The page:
Over-billing of the maintenance of 200 vehicles of Senegalese parliamentarians, diversion of about 1.65 trillion Ariary to Madagascar, Senate budget, and unnecessary in Senegal, etc. These dysfunctions undermine the African parliaments, forums for the expression of peoples. But faced with the various crises that Africa is going through and in the face of these dysfunctions prejudicial to the citizens, should we point the finger at the only parliaments?
Of the 217 deputies in the Tunisian parliament, only three took part in all the sessions according to the October 2016 report of the NGO Al-Bawsala, which oversees political transparency, legislative, and executive work. Unfortunately, members’ attendance and absenteeism are encouraged by the ambiguity and contradiction of the texts, on the one hand, and the lack of dedication of the members themselves on the other. In Burkina Faso, for example, the presence of elected representatives in the plenaries is mandatory according to the rules of procedure, but the same texts authorize votes by delegation, which encourages the absenteeism of elected officials and makes it difficult to punish absentees.
MPs’ productivity is another problem since, once elected, they take their positions for granted and think they are not accountable to anyone. They offer little or nothing, and even when the executive makes legislative proposals, they do not bother to study them. This is the case of the pastoral code in Chad in 2014. The combination of functions can also explain this productivity problem. In Burkina Faso, for example, the incompatibility of the parliamentary mandate with other purposes affects only public or para-public services. Many MPs are businessmen or business leaders who are always busy. This combination prevents elected officials from concentrating on their parliamentary missions, which compromises their productivity.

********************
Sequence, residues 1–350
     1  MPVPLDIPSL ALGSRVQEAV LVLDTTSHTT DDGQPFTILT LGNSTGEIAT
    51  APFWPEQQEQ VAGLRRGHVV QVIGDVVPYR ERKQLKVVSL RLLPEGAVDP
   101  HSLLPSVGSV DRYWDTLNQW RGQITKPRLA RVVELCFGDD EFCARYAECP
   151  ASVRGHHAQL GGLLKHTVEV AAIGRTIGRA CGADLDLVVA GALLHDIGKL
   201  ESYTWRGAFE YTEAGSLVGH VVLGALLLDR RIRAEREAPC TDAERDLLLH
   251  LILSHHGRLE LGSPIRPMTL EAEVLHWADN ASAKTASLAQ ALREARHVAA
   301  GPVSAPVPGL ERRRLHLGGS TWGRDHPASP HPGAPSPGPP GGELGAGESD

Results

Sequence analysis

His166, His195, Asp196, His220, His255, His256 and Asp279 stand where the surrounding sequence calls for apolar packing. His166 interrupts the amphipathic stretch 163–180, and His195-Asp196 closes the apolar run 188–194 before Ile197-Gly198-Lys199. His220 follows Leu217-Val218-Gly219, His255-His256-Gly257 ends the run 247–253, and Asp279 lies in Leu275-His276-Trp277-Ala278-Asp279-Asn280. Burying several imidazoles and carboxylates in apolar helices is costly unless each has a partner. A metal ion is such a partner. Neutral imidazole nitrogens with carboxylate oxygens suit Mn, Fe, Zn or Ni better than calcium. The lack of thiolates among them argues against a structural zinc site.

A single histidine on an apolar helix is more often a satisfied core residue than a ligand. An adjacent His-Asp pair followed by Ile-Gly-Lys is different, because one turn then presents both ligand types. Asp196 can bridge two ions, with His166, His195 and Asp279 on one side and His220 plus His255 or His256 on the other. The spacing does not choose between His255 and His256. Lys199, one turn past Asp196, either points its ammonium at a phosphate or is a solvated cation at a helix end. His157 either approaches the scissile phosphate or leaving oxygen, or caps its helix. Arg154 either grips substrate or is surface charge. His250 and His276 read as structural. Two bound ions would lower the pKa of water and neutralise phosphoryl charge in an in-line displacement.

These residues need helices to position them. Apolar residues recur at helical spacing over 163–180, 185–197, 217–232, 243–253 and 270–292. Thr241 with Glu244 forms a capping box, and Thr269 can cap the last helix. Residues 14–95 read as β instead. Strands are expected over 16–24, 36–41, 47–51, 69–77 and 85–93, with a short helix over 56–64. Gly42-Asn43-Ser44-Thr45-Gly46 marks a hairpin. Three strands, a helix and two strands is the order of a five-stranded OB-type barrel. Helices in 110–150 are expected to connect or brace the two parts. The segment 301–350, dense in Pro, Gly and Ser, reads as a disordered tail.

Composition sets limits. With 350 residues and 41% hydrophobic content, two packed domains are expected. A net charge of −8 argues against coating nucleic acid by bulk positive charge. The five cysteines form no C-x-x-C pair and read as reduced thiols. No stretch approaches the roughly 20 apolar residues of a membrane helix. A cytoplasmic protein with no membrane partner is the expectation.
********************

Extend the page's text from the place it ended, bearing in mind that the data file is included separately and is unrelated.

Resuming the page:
Another problem is that MPs do not get involved in the debates that precede the votes because of a lack of motivation or skills. When it is for the people to act, few members are ready to do it because they are either businessmen who work on their behalf or simple vultures who seek the benefits offered by the position. There is also the question of skills. In Côte d’Ivoire, Articles 70 and 71 of the Electoral Code, which define the eligibility of candidates for the deputies, do not speak at all about the educational level of future deputies. Businessman leaves free-scope for people with low skills to access responsibilities without the required qualifications.
The recent senatorial in Côte d’Ivoire show that in Africa, citizen representatives are much more prions sponsored by senior political or business executives who want to control the political scene. Out of sixty-six seats, the ruling coalition has won fifty. Also, 33 other senators will be appointed directly by President Ouattara, which gives him an absolute grip on the institution. For such representatives, the interest of the people should go after that of the sponsor. The opposing minority is considered an enemy, so all its proposals will be annihilated regardless of their relevance. This is the case in the DRC where Aubin Minaku, president of the National Assembly, is in charge of the presidential majority,